Specialist providers worry as Government fails to act on sleep-in shifts
The Government has again failed to tackle the funding of sleep in care, says the Voluntary Organisations Disability Group (VODG), responding to the latest development in the long-running wages wrangle over how sleep-in shifts, where carers sleep through the night unless awoken to respond to residents’ care needs, should be paid for.
The national umbrella group, which represents disability charities, says the ‘sleep-in crisis’ remains critical and unresolved despite repeated calls for action from across the social care sector. Following the earlier hiatus in enforcement, VODG raised significant concerns but committed to working with Government to find a solution.
However, while the latest announcement about a new Social Care Compliance Scheme (SCCS) offers an apparent way forward, there are no assurances on how to fund the devastating retrospective cost.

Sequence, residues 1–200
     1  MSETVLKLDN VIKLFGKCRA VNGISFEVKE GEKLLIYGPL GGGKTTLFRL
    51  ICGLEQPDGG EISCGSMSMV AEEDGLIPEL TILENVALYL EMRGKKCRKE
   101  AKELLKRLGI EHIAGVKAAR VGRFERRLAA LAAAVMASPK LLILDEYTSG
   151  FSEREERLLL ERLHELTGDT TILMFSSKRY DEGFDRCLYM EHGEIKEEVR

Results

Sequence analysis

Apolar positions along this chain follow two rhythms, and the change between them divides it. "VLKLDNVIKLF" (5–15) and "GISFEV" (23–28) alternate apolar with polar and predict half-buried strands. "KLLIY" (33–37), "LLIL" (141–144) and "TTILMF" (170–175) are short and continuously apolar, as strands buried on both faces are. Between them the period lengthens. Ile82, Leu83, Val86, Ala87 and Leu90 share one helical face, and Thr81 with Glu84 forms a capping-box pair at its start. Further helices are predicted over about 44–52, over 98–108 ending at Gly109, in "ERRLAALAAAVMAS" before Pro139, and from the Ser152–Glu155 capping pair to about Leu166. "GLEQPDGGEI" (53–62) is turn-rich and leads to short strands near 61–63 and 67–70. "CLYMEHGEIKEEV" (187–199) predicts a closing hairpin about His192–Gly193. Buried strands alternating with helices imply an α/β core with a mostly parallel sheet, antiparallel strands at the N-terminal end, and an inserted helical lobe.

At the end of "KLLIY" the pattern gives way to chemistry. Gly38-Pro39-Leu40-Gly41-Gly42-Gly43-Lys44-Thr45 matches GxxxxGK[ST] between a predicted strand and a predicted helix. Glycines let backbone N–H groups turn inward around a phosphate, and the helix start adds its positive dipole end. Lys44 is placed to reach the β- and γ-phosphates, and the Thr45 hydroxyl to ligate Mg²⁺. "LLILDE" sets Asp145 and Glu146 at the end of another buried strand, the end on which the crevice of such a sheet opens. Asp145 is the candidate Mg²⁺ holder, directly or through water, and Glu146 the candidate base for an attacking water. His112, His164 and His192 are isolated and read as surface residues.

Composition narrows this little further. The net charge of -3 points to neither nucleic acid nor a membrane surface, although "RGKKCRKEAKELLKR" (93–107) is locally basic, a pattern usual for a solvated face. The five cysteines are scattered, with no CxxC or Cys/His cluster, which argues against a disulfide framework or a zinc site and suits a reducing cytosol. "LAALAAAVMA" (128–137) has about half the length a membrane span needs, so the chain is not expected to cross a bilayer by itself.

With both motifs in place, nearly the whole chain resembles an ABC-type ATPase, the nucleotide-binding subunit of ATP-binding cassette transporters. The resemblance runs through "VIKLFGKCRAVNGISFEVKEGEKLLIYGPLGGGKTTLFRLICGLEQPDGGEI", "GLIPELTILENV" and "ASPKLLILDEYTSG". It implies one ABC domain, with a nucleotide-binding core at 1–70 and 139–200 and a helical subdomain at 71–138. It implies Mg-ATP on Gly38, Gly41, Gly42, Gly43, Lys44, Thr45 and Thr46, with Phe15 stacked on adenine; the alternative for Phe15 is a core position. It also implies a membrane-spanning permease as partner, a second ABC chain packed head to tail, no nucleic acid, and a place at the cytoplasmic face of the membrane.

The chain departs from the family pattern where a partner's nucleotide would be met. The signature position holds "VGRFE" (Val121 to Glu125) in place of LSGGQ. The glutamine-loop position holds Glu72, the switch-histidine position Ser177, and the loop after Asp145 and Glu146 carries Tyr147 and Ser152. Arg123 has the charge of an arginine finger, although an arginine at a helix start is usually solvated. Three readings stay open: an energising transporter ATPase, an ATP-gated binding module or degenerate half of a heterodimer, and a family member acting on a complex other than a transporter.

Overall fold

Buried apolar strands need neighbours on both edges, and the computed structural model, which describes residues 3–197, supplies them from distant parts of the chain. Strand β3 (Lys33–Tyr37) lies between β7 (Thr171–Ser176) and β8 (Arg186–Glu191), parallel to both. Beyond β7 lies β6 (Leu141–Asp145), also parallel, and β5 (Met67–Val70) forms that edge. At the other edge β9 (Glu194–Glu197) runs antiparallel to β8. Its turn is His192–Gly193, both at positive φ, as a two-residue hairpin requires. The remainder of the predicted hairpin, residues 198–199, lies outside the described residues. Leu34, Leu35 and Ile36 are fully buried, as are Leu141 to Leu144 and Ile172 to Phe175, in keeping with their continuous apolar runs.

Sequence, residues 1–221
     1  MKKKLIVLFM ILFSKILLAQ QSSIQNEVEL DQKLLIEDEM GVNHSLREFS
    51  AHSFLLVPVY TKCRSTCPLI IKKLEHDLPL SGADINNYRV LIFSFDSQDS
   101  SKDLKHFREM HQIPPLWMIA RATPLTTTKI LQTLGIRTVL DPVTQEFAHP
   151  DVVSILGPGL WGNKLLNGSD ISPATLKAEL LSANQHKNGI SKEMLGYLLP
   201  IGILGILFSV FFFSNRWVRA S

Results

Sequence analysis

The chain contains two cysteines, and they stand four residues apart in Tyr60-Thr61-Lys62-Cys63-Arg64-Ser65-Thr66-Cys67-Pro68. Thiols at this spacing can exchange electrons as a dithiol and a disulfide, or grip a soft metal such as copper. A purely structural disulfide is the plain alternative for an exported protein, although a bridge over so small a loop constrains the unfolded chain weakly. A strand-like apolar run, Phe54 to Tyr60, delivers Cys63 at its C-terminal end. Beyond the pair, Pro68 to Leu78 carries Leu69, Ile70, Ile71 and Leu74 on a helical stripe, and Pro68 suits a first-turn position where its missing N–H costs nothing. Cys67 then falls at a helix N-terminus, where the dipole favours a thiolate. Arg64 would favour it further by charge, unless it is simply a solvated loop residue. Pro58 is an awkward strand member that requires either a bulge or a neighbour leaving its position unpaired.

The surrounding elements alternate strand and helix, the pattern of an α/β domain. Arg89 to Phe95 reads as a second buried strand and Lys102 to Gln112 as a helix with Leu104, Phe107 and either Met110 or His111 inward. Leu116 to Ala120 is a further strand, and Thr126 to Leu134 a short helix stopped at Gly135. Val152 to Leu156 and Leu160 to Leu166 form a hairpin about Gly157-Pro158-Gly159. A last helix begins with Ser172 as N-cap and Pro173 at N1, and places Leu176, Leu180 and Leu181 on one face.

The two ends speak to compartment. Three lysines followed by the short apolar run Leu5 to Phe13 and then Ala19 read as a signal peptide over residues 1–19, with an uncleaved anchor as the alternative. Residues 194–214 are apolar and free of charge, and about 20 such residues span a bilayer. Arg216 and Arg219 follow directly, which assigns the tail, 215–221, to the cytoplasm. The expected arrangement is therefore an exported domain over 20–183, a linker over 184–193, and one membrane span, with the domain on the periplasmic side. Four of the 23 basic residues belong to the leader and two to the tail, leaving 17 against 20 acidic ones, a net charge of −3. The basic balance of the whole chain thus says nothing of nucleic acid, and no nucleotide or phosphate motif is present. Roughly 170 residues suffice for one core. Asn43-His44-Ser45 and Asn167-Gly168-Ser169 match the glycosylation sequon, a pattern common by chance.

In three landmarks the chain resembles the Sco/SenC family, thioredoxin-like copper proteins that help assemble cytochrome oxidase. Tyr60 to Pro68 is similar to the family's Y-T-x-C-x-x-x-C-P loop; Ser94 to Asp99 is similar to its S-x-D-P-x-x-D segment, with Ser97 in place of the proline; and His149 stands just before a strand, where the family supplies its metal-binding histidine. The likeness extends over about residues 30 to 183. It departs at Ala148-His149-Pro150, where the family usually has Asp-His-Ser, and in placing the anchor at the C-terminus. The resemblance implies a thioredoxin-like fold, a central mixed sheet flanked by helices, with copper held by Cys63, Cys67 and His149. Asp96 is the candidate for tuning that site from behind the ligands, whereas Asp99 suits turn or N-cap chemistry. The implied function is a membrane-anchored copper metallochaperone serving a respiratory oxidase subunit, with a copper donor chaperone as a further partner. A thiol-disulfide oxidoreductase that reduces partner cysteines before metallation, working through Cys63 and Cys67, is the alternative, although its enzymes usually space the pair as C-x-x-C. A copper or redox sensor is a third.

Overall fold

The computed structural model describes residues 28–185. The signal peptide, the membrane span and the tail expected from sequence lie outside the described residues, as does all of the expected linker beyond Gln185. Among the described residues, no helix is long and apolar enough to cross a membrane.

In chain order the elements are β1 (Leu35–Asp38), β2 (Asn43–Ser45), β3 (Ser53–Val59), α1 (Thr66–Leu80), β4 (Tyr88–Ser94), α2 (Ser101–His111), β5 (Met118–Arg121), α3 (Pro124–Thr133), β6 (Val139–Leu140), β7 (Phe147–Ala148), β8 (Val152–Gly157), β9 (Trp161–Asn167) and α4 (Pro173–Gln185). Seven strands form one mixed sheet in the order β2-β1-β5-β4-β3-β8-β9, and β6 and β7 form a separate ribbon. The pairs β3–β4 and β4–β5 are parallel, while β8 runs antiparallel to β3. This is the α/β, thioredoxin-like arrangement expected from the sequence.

VODG says that Government’s plans fall well short of what is necessary to remove the continuing damaging uncertainty. VODG chair Steve Scown said the announcement raised a lot of uncertainties and unanswered questions.
“Government has done well to talk to itself, but not the sector,” said Mr Scown.
“The Government is offering employers the opportunity to join a self-correction scheme (the Social Care Compliance Scheme or SCCS), but without any indication about how any retrospective costs will be funded the scheme is unlikely to be attractive to employers.”
Care providers are worried that HMRC could still actively pursue providers who believed they were acting within guidance which the Government has admitted was “potentially misleading”. Independent research has estimated the retrospective cost to the sector could be as much as £400m.